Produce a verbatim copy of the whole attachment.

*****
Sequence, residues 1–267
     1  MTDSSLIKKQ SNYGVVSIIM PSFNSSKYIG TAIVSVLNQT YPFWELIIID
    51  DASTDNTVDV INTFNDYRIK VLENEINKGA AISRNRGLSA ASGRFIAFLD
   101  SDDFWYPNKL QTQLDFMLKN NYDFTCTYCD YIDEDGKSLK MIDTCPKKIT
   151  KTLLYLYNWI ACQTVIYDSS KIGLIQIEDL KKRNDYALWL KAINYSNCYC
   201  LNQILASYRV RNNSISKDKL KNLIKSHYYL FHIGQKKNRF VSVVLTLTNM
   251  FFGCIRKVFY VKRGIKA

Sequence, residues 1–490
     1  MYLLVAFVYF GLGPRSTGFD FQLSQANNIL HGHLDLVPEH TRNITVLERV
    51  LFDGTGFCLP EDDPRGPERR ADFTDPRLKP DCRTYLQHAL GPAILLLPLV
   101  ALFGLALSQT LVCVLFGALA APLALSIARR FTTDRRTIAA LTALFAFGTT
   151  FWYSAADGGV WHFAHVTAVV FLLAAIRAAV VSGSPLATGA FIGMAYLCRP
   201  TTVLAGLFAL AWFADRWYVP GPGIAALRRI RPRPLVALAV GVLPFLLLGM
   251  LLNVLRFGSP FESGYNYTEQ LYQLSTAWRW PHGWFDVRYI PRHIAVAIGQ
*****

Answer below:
Sequence, residues 1–267
     1  MTDSSLIKKQ SNYGVVSIIM PSFNSSKYIG TAIVSVLNQT YPFWELIIID
    51  DASTDNTVDV INTFNDYRIK VLENEINKGA AISRNRGLSA ASGRFIAFLD
   101  SDDFWYPNKL QTQLDFMLKN NYDFTCTYCD YIDEDGKSLK MIDTCPKKIT
   151  KTLLYLYNWI ACQTVIYDSS KIGLIQIEDL KKRNDYALWL KAINYSNCYC
   201  LNQILASYRV RNNSISKDKL KNLIKSHYYL FHIGQKKNRF VSVVLTLTNM
   251  FFGCIRKVFY VKRGIKA

Sequence, residues 1–490
     1  MYLLVAFVYF GLGPRSTGFD FQLSQANNIL HGHLDLVPEH TRNITVLERV
    51  LFDGTGFCLP EDDPRGPERR ADFTDPRLKP DCRTYLQHAL GPAILLLPLV
   101  ALFGLALSQT LVCVLFGALA APLALSIARR FTTDRRTIAA LTALFAFGTT
   151  FWYSAADGGV WHFAHVTAVV FLLAAIRAAV VSGSPLATGA FIGMAYLCRP
   201  TTVLAGLFAL AWFADRWYVP GPGIAALRRI RPRPLVALAV GVLPFLLLGM
   251  LLNVLRFGSP FESGYNYTEQ LYQLSTAWRW PHGWFDVRYI PRHIAVAIGQ